Hepatic function impairment    (risk of dehydration which may precipitate hepatic coma and death; plasma half-life is unaltered {04} {05})


Hypercalcemia or{04}
Hypercholesterolemia or{34}{35}{36}
Hypertriglyceridemia or{34}{35}{36}
Hyponatremia{03}    (conditions may be exacerbated; onset of hyponatremia can be sudden and life-threatening {43} {44})


Lupus erythematosus, history of    (exacerbation or activation by thiazide diuretics has been reported {04})


Pancreatitis
Sensitivity to thiazide diuretics or other sulfonamide-derived medications{59}
Sympathectomy    (antihypertensive effects may be enhanced {03} {04} {05})


» Caution is required also in jaundiced infants because of the risk of hyperbilirubinemia.

Patient monitoring
The following may be especially important in patient monitoring (other tests may be warranted in some patients, depending on condition; » = major clinical significance):

Blood glucose and
Blood urea nitrogen (BUN) and
Creatinine, serum and{03}{37}
Uric acid, serum{03}    (determinations recommended prior to initiation of therapy and if clinical signs of a significant increase occur)


» Blood pressure measurements    (recommended at periodic intervals in patients being treated for hypertension; selected patients may be trained to perform blood pressure measurements at home and report the results at regular physician visits)


Cholesterol, serum and
Triglycerides, serum    (determinations recommended after 6 months of therapy and annually thereafter {06} {38})


Electrolyte, serum, concentrations{03}{04}{05}    (determinations may be required for patients on long-term therapy, especially if they are also taking cardiac glycosides or systemic steroids, or when severe cirrhosis is present)




Side/Adverse Effects

Note: Most side effects are dose-related.

The following side/adverse effects have been selected on the basis of their potential clinical significance (possible signs and symptoms in parentheses where appropriate)—not necessarily inclusive:

Those indicating need for medical attention
Incidence more frequent
    
Electrolyte imbalance such as hyponatremia (confusion; convulsions; decreased mentation; fatigue; irritability; muscle cramps), hypochloremic alkalosis, and hypokalemia{04}{05} (dryness of mouth; increased thirst; irregular heartbeat; mood or mental changes; muscle cramps or pain; nausea or vomiting; unusual tiredness or weakness; weak pulse)

Note: Hyponatremia as a complication is rare, but constitutes a medical emergency as onset may be rapid. {43} {44}


Incidence rare
    
Agranulocytosis (fever or chills; cough or hoarseness; lower back or side pain; painful or difficult urination){03}{04}{05}
    
allergic reaction (skin rash or hives)
    
cholecystitis or{03} pancreatitis (severe stomach pain with nausea and vomiting)
    
gout or{03}{04}{05} hyperuricemia (joint pain, lower back or side pain)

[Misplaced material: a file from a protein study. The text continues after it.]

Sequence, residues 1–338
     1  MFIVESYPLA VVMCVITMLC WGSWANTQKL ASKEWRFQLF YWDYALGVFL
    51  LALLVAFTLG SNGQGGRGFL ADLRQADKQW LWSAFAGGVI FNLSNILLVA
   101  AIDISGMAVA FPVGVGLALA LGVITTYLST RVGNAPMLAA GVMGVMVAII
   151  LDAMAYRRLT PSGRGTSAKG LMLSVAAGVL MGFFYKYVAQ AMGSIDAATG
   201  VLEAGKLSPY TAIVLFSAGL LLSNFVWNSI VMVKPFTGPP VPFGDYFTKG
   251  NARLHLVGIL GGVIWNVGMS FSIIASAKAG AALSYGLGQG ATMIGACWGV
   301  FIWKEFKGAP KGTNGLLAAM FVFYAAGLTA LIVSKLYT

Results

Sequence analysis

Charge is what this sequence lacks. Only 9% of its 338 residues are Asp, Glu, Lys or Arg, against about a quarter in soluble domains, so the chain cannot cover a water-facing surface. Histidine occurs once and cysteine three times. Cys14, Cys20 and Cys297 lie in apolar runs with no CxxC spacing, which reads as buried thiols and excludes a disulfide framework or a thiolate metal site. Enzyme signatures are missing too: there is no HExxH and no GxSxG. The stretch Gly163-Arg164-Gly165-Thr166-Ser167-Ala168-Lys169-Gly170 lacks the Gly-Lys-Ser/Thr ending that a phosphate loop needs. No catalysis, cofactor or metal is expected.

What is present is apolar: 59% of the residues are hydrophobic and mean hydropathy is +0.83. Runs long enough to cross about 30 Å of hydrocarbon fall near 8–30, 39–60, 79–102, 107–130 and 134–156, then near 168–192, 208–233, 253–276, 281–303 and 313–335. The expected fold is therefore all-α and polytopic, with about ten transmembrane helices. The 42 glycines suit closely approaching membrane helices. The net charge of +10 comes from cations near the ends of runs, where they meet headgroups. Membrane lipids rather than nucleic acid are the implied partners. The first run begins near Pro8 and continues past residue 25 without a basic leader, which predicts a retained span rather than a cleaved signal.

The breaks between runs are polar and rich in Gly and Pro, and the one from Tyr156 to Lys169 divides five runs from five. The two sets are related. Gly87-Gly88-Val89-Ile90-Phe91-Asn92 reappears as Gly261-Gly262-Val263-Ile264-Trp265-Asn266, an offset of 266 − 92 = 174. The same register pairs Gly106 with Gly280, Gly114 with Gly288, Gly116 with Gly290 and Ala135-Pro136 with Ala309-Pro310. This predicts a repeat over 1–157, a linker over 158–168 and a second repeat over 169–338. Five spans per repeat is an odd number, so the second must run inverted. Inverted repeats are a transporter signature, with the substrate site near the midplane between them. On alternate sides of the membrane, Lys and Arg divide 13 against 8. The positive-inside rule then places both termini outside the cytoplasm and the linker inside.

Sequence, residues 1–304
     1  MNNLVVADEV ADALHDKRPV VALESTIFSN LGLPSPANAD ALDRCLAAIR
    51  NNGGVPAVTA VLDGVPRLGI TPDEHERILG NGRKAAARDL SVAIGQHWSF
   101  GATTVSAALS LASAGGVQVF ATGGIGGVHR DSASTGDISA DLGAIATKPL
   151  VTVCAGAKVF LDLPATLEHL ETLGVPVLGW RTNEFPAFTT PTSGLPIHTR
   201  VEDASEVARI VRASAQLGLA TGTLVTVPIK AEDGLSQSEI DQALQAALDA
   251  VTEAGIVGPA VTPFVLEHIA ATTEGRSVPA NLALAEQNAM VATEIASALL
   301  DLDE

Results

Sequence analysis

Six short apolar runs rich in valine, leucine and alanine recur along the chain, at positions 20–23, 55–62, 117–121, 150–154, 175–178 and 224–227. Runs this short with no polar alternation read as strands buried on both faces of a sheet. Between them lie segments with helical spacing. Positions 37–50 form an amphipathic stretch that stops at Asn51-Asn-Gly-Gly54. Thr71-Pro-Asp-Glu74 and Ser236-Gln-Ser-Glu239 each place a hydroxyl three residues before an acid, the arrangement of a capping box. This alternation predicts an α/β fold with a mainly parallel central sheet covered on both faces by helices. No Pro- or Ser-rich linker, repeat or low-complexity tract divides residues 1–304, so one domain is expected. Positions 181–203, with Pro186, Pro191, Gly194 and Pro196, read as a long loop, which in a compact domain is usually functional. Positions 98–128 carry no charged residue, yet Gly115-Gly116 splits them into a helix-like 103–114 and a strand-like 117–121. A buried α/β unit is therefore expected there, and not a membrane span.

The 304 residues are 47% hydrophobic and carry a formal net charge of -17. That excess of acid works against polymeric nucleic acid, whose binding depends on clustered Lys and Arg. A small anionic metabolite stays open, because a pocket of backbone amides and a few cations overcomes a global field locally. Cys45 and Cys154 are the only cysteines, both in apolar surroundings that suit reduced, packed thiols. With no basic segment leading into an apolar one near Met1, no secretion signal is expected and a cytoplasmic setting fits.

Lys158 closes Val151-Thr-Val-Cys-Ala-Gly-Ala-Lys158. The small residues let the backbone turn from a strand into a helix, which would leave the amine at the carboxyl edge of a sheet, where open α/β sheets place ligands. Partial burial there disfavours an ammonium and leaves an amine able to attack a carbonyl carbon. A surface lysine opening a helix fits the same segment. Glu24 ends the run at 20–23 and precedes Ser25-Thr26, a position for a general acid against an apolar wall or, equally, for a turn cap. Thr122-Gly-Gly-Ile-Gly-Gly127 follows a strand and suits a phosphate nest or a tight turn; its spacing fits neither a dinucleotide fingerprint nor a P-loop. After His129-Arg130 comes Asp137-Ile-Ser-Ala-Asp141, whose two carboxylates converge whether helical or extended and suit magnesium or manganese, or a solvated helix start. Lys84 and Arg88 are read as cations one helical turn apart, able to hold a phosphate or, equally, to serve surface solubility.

hepatic function impairment (yellow eyes or skin){04}{05}
    
thrombocytopenia (unusual bleeding or bruising; black, tarry stools; blood in urine or stools; pinpoint red spots on skin){03}{04}{05}



Those indicating need for medical attention only if they continue or are bothersome
Incidence less frequent
    
Anorexia (loss of appetite){03}{04}{05}
    
decreased sexual ability{05}
    
diarrhea{03}{04}{05}
    
orthostatic hypotension (dizziness or lightheadedness when getting up from a lying or sitting position){03}{04}{05}
    
photosensitivity (increased sensitivity of skin to sunlight){03}{04}{05}
    
upset stomach{03}{04}{05}





Overdose
For more information on the management of overdose or unintentional ingestion, contact a Poison Control Center (see Poison Control Center Listing ).

Treatment of overdose
Thiazide diuretic overdose should be treated by immediate evacuation of the stomach followed by supportive, symptomatic treatment and monitoring of serum electrolyte concentrations and renal function. {03} {04}


Patient Consultation
As an aid to patient consultation, refer to Advice for the Patient, Diuretics, Thiazide (Systemic) .

In providing consultation, consider emphasizing the following selected information (» = major clinical significance):

Before using this medication
»   Conditions affecting use, especially:
Sensitivity to thiazide diuretics, other sulfonamide-type medications, bumetanide, furosemide, or carbonic anhydrase inhibitors

Pregnancy—Not recommended for routine use; may cause jaundice, thrombocytopenia, hypokalemia in infant





Breast-feeding—Distributed into breast milk; recommended that nursing mothers avoid thiazides during first month of breast-feeding because of reports of suppression of lactation





Use in children—Caution if giving to infants with jaundice






Use in the elderly—Elderly patients may be more sensitive to hypotensive and electrolyte effects
Other medications, especially cholestyramine, colestipol, digitalis glycosides, or lithium
Other medical problems, especially anuria or severe renal function impairment or infants with jaundice

Proper use of this medication
Diuretic effects of the medication and timing of doses to minimize inconvenience of diuresis (except in diabetes insipidus)

Compliance with therapy; taking medication at the same time each day to maintain the therapeutic effect